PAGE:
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Bike Review - Posted 24th June 2009
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Velocette MDD 350

Matchless and BSA were famous for building military motorcycles, but Velocette produced their own 350 single in WD trim, too...

A Velocette single in RAF blue is one of several recent additions to the National Motorcycle Museum's display. Veloce Ltd was one of the smaller suppliers of military motorcycles in World War Two. The company's first contribution was a slightly modified version of the pre-war 350cc MAC ohv model, similar to a machine intended for supply to the French government before the contract was cancelled.

There's more about the general history of the MAC here, in case you're not already familiar with the model. It was once of Veloce's longest-lived (and some say best-natured) motorcycles, and was built between 1933 and 1960.

The War Office tested a MAC in 1939 and requested some modifications to the machine's spec. French officials also observed the test and placed the first order for 1200 bikes but history overtook them and France was occupied before the order could be fulfilled. The consignment was appropriated by the British War Dept .

Velocette MDD 350: Better than original?.... Velocette MAC WD - MDD 350

Production of 1200 military singles, officially known as the MAC WD, with an MDD serial number prefix commenced in June 1940. Alterations from civilian trim included a lowered compression ratio, a tubular steel brake pedal and a cylindrical silencer to give more ground clearance than Velocette's standard fishtail type. As usual with WD models, bright chrome was not applied but rubber handgrips were specified. A severe rubber shortage following Japan's 1941 invasion of Malaya meant that later military machines had canvas grips. The headlamp mask meets blackout regulations for protection from air raids.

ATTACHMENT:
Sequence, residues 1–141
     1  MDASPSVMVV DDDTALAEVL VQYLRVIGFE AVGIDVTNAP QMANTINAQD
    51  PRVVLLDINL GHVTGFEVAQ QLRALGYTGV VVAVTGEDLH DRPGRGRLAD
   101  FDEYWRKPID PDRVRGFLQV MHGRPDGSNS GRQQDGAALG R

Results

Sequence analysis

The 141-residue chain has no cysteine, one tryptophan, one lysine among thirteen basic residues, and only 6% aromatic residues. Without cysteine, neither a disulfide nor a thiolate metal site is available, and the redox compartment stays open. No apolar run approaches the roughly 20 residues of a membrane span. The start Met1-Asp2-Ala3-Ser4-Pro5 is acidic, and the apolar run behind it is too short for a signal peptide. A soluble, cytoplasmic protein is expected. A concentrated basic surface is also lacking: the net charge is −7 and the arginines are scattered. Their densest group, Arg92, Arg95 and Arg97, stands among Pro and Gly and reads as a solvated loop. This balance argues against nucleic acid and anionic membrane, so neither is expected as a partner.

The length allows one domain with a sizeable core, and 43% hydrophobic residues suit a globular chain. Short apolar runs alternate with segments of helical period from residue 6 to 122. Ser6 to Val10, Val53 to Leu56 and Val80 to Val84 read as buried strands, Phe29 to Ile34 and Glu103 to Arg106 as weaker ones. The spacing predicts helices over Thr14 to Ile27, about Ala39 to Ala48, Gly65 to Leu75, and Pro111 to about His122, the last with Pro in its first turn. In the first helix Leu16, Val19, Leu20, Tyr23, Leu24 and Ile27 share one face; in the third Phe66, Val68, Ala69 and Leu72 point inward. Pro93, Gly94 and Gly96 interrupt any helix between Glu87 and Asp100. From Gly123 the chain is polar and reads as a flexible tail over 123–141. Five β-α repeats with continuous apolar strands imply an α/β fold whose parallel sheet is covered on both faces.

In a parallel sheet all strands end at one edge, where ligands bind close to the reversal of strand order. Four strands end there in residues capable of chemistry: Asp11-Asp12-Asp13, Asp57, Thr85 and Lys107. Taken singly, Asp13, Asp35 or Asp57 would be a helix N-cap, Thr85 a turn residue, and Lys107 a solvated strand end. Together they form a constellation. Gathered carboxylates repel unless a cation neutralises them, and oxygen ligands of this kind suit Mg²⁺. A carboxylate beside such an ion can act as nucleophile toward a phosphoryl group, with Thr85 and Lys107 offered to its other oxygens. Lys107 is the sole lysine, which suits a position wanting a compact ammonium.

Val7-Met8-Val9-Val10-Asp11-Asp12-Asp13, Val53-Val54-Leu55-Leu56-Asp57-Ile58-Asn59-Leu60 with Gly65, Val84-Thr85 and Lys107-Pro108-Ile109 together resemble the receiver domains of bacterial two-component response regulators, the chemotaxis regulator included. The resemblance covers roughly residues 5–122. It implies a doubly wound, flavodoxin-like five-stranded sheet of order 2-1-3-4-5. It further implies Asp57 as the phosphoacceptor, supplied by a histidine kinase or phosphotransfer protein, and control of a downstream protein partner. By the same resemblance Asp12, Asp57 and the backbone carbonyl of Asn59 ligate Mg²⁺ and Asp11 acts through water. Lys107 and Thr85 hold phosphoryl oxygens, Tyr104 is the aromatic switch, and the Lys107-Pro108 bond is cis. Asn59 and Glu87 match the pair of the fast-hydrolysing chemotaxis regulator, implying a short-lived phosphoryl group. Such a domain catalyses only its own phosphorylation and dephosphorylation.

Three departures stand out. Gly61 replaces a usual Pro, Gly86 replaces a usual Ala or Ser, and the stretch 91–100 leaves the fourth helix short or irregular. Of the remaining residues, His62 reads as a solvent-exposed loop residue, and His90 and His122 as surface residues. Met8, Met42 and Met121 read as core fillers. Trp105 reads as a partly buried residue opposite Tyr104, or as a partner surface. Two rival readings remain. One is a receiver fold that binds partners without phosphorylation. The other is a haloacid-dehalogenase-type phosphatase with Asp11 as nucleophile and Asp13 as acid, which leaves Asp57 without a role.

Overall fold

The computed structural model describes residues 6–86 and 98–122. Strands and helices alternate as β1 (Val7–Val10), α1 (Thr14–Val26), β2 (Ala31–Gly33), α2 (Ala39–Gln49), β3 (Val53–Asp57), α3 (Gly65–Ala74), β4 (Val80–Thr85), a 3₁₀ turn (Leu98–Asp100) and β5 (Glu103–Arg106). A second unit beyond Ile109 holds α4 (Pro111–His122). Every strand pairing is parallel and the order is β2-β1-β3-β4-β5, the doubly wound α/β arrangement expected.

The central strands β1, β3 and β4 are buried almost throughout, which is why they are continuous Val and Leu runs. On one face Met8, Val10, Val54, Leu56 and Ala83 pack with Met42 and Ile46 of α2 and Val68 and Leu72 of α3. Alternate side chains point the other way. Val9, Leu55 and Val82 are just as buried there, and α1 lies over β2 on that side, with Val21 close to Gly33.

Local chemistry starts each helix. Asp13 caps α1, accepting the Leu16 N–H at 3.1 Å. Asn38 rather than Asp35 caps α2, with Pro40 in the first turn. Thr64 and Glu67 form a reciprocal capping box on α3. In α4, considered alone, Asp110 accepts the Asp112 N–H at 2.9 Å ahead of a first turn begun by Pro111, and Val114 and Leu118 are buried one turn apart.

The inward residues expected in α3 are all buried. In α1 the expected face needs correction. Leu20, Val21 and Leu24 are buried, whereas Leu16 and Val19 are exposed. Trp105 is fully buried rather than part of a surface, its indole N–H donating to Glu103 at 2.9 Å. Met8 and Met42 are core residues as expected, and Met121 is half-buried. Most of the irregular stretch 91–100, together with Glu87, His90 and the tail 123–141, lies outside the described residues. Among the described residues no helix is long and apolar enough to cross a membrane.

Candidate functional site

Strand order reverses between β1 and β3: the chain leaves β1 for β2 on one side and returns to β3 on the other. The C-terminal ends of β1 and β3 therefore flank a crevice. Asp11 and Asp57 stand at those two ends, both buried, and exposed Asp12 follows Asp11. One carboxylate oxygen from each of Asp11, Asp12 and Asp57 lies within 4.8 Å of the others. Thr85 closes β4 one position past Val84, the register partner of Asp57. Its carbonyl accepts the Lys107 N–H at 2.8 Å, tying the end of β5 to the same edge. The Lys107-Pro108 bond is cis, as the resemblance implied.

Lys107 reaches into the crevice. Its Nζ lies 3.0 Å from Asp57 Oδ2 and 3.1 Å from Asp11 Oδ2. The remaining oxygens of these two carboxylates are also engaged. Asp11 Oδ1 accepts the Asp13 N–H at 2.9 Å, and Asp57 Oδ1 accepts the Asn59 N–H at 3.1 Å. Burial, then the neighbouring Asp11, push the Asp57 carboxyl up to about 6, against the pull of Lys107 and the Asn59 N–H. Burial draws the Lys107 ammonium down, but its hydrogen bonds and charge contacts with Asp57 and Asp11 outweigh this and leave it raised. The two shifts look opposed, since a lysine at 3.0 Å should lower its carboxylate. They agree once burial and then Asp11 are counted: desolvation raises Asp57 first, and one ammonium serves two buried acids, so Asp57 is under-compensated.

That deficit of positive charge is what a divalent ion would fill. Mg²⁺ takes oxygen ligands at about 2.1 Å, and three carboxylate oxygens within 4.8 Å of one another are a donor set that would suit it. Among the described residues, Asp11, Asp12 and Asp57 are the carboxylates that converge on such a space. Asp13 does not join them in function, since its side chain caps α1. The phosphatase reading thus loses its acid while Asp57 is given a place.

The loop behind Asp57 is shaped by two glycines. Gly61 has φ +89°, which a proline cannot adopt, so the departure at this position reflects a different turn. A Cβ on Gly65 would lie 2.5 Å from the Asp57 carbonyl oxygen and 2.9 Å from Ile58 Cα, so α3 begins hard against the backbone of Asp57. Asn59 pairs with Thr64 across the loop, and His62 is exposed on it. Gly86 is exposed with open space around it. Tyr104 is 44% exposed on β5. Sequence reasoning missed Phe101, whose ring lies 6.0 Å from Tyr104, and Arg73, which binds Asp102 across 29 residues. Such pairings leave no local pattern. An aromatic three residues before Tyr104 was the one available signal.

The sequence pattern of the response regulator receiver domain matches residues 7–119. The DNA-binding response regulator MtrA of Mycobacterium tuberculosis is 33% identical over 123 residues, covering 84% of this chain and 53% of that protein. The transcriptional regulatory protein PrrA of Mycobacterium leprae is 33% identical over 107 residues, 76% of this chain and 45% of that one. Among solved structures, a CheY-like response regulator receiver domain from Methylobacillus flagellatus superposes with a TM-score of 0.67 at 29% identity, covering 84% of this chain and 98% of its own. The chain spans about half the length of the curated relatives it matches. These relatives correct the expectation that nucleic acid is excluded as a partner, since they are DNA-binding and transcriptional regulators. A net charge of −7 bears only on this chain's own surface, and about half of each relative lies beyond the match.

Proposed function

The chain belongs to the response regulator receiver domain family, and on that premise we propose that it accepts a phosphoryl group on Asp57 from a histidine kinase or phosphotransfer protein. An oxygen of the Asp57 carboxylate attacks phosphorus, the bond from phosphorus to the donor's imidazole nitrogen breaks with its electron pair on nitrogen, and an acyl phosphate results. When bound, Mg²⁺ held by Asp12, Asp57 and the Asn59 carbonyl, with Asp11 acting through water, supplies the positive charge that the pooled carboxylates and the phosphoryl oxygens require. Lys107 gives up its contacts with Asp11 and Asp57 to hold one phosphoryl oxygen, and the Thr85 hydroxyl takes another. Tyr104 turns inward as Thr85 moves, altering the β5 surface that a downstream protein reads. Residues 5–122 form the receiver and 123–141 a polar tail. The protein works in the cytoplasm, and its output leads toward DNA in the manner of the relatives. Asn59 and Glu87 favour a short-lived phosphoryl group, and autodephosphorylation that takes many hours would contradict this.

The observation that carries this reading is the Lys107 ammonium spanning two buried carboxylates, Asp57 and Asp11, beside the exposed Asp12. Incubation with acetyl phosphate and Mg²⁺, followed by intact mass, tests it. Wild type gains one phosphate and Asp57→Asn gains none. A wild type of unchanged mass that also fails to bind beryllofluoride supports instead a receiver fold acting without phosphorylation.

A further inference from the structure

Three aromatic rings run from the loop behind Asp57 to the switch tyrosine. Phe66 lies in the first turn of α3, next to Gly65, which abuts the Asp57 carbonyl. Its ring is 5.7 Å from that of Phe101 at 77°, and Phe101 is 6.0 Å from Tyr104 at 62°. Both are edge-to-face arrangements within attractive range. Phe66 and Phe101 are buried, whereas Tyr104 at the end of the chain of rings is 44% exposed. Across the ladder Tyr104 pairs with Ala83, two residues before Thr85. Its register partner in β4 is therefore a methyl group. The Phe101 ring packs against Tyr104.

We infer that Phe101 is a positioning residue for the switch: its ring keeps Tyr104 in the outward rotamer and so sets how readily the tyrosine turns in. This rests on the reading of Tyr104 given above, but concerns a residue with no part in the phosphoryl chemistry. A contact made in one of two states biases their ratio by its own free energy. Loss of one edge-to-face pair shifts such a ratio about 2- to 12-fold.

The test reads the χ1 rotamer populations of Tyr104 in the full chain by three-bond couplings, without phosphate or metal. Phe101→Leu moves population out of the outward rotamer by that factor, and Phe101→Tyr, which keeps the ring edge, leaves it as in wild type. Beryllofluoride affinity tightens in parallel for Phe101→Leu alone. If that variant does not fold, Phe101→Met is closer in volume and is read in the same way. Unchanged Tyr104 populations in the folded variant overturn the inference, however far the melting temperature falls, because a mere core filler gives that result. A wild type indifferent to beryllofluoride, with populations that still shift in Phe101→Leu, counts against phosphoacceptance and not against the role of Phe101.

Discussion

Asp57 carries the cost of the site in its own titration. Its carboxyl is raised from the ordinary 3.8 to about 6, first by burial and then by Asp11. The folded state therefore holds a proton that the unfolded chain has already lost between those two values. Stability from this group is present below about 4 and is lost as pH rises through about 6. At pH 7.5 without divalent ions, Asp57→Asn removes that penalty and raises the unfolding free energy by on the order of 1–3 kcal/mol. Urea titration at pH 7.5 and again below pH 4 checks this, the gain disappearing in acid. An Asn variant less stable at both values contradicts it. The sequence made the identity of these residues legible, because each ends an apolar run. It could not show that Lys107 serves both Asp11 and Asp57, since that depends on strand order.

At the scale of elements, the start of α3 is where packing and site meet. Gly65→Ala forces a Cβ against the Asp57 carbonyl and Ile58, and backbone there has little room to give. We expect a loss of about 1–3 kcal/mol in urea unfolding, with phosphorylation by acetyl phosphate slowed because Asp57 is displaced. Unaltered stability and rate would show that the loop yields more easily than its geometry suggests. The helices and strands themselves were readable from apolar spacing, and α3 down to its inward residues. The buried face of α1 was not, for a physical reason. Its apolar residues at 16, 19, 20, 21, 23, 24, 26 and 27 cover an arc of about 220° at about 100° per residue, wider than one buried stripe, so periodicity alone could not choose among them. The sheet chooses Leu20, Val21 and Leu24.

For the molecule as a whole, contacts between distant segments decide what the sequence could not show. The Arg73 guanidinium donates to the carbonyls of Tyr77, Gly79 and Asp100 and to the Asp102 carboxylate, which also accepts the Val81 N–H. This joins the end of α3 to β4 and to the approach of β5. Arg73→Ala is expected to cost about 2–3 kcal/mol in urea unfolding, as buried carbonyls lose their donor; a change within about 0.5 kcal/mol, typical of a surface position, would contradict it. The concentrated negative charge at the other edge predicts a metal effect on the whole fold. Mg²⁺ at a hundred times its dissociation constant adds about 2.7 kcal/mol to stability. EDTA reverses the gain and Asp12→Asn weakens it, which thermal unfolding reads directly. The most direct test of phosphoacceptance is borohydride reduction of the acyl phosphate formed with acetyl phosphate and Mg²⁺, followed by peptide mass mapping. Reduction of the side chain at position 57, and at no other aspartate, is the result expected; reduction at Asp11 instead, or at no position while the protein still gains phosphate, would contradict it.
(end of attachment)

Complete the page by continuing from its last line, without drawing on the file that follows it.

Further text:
Girders: Made from Irn Bru.... Velocette MAC WD - MDD 350

By 1941 Velocette had created a more specialised machine, the MAF Armed Forces version of the MAC. It had a stronger frame, front fork refinements, revised cam profiles and a lower bottom gear. The Velocette MAF cost more than other WD machines, which is probably why an initial order for 2000 was cancelled after fewer than 1000 had been delivered. There's an apocryphal story that a shipment of WD MACs ended up at the bottom of the English Channel, sunk on their way to see service in France. However, this model's current rarity is more likely to be due to restricted capacity at the Velocette factory during the war years.

The performance of the military MAC was a little subdued compared to its civilian counterpart, yet a following wind would still propel it to around 75mph with help from its 15bhp 349cc motor.

Map of Africa, yesterday...
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The engine would have been revving past 6000rpm to achieve that speed, and a more realistic cruising speed would have been in the region of 50 to 55mph. The 350lb machine was braked by a seven-inch sls drum at the front and a similar six-inch item at the rear.

Most military Velocettes served on the home front and the NMM's MAC/MDD is restored in RAF blue, as documentation shows that it was supplied the Air Ministry Supplies depot at Hendon. After the war it was returned to the Velocette factory to be 'civilianised' and resold until time and tide took it to a new home in the Museum at Birmingham.

Velocette MDD 350: A Khaki bike on a khaki background, yesterday.... Velocette MDD 350 eBay project

Establishing the value of such a rare beast isn't straightforward. Very few MDDs are seen for sale; another restored example which was on display in a different museum was advertised earlier this year for sale at 6950. If you'd prefer to restore one yourself then the project pictured here has also been offered for sale (as recently as May09) for 2900. The seller is keeping another fully fettled MDD and was willing to help the purchaser with information and advice; the bike for sale came with matching frame and engine numbers and all 'the important parts'. It didn't attract any bids at that price however.


The MDD is on display at the UK's National Motorcycle Museum, which you'll find on the M42/A45 junction.

The NMM is open every day from 10am to 6pm (except 24-26 December). Admission costs Adults 6.95, Senior Citizens 4.95, Children (under 15) 4.95, Family Tickets (2 adults with 2 children) 20.

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